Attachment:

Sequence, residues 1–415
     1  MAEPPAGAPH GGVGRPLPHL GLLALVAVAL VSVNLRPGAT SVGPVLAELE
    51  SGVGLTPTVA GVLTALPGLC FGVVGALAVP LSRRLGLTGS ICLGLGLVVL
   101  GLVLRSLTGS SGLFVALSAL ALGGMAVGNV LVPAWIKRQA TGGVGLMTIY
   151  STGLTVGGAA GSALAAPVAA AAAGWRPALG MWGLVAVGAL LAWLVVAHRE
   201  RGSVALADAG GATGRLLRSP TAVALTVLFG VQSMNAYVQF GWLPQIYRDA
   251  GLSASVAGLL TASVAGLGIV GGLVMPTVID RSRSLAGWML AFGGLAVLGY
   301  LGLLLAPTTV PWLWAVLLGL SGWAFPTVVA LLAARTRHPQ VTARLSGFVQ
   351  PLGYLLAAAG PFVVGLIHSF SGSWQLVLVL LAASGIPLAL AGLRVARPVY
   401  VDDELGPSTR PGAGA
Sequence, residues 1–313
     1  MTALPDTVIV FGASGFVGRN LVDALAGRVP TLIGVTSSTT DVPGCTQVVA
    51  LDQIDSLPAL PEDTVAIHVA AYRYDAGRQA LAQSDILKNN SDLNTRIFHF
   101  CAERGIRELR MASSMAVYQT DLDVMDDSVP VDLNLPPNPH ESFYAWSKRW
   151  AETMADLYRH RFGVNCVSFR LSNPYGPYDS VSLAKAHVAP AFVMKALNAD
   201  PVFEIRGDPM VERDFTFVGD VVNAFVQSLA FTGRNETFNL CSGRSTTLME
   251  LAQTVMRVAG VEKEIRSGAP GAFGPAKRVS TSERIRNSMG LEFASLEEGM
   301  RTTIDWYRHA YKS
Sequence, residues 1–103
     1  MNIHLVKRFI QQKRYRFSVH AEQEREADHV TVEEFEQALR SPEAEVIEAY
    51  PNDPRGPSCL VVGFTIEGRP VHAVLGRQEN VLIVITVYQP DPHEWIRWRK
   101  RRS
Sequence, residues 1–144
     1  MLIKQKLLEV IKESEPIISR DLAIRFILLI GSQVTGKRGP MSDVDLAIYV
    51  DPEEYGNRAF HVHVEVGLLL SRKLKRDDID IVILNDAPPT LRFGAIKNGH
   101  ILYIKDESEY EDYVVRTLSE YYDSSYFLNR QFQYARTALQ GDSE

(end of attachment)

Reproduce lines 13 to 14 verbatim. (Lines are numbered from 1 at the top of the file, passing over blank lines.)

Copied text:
    51  LDQIDSLPAL PEDTVAIHVA AYRYDAGRQA LAQSDILKNN SDLNTRIFHF
   101  CAERGIRELR MASSMAVYQT DLDVMDDSVP VDLNLPPNPH ESFYAWSKRW